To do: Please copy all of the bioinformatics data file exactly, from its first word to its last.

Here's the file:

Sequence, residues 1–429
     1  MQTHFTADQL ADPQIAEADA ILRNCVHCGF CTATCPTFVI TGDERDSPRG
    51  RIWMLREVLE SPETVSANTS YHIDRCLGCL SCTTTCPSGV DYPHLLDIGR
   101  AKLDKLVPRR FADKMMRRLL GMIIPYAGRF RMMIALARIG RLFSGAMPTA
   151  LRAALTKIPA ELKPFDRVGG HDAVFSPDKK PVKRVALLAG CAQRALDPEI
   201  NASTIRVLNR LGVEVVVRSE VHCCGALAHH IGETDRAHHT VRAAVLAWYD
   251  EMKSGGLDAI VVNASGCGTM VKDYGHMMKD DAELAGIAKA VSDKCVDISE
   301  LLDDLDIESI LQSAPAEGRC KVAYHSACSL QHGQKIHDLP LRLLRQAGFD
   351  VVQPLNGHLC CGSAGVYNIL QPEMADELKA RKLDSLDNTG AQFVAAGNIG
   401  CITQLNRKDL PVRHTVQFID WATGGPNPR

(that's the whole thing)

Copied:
Sequence, residues 1–429
     1  MQTHFTADQL ADPQIAEADA ILRNCVHCGF CTATCPTFVI TGDERDSPRG
    51  RIWMLREVLE SPETVSANTS YHIDRCLGCL SCTTTCPSGV DYPHLLDIGR
   101  AKLDKLVPRR FADKMMRRLL GMIIPYAGRF RMMIALARIG RLFSGAMPTA
   151  LRAALTKIPA ELKPFDRVGG HDAVFSPDKK PVKRVALLAG CAQRALDPEI
   201  NASTIRVLNR LGVEVVVRSE VHCCGALAHH IGETDRAHHT VRAAVLAWYD
   251  EMKSGGLDAI VVNASGCGTM VKDYGHMMKD DAELAGIAKA VSDKCVDISE
   301  LLDDLDIESI LQSAPAEGRC KVAYHSACSL QHGQKIHDLP LRLLRQAGFD
   351  VVQPLNGHLC CGSAGVYNIL QPEMADELKA RKLDSLDNTG AQFVAAGNIG
   401  CITQLNRKDL PVRHTVQFID WATGGPNPR